Written by staff writer.
Canberra-based space services company Skykraft is on the verge of revolutionizing air traffic management and communications services and demonstrating the global impact the Australian space sector can have.
Over the next two years, Skykraft is launching a 200-strong satellite constellation that will address gaps in surveillance and communications for aircraft travelling over remote and oceanic areas, including long-haul trans-Pacific flights.
The satellites will provide an air traffic surveillance system and a Very High Frequency (VHF) radio communication system. It will extend the reach of VHF to parts of the planet still covered by older technologies.
The first five satellites were deployed in January, hitching a ride on SpaceX’s Falcon 9 rocket. Weighing a collective 300 kilograms, it was the biggest Australian-made payload ever sent into space. When fully rolled out, the constellation will allow Australia to provide global air traffic management coverage for the first time.
It’s a significant result for six-year-old Skykraft, a spin-off from the University of New South Wales’ space capabilities incubator. Exhibiting at the recent Australian International Air Show at Avalon outside Melbourne, SkyKraft was also generating plenty of trade interest there.
“In Australia, we can do space, and we can do space well, and we can do big things in space,” said Michael Frater, Skykraft CEO. Skykraft’s satellites are fully programmable in orbit, enabling rapid prototyping and the development of new services after launch. They say the space-based air traffic management service will increase the efficiency of aviation worldwide.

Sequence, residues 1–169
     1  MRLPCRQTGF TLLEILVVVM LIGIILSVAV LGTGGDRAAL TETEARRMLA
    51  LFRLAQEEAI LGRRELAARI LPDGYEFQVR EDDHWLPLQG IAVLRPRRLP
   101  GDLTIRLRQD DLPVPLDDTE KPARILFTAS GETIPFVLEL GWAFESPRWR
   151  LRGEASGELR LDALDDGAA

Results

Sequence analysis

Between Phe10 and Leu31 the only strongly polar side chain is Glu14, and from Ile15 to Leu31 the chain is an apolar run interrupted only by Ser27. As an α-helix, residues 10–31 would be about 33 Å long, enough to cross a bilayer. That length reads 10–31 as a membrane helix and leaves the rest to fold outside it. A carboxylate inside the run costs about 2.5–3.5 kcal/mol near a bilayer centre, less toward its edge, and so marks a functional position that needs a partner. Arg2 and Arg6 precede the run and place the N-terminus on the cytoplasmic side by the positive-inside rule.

“It means that a plane in the middle of the Pacific Ocean will get the same air traffic management service that it would get if it were close to a major airport,” said Frater. “This is good for air safety and reducing the environmental impact of travel.”
The satellites are manufactured in Canberra using suppliers from across Australia in what Skykraft calls a “resilient production process.” The company says it can provide air traffic management coverage at a commercially competitive price due to recent significant reductions in space access costs. A common platform means it can be easily integrated into existing aircraft and ground systems.
Since Avalon, Skykraft has signed a memorandum of understanding with Airways New Zealand, that country’s air navigation service provider that looks after 30 million square kilometres of airspace over the South Pacific, Tasman Sea, and Southern Ocean. Under the MOU, SkyKraft will test the data provided by its satellites already in orbit, which will be gathered and compared to the Airways New Zealand data.
“The memorandum of understanding allows us to work with Airways New Zealand, a world leader in air traffic management, on a proof-of-concept demonstration of Skykraft’s world-first combination of space-based air traffic surveillance and VHF radio communications,” said Skykraft’s Chairman, Air Vice-Marshal (Ret’d) Mark Skidmore.
Airways New Zealand says a satellite-based VHF radio communication system will create a “step-change for aviation.” Around 13 passenger and cargo airlines regularly fly between South Pacific and Australasian airports and the Americas while relying on previous-generation technologies to determine their location and maintain communications.
Skykraft has scheduled further satellite launches in mid-2023 and early 2024.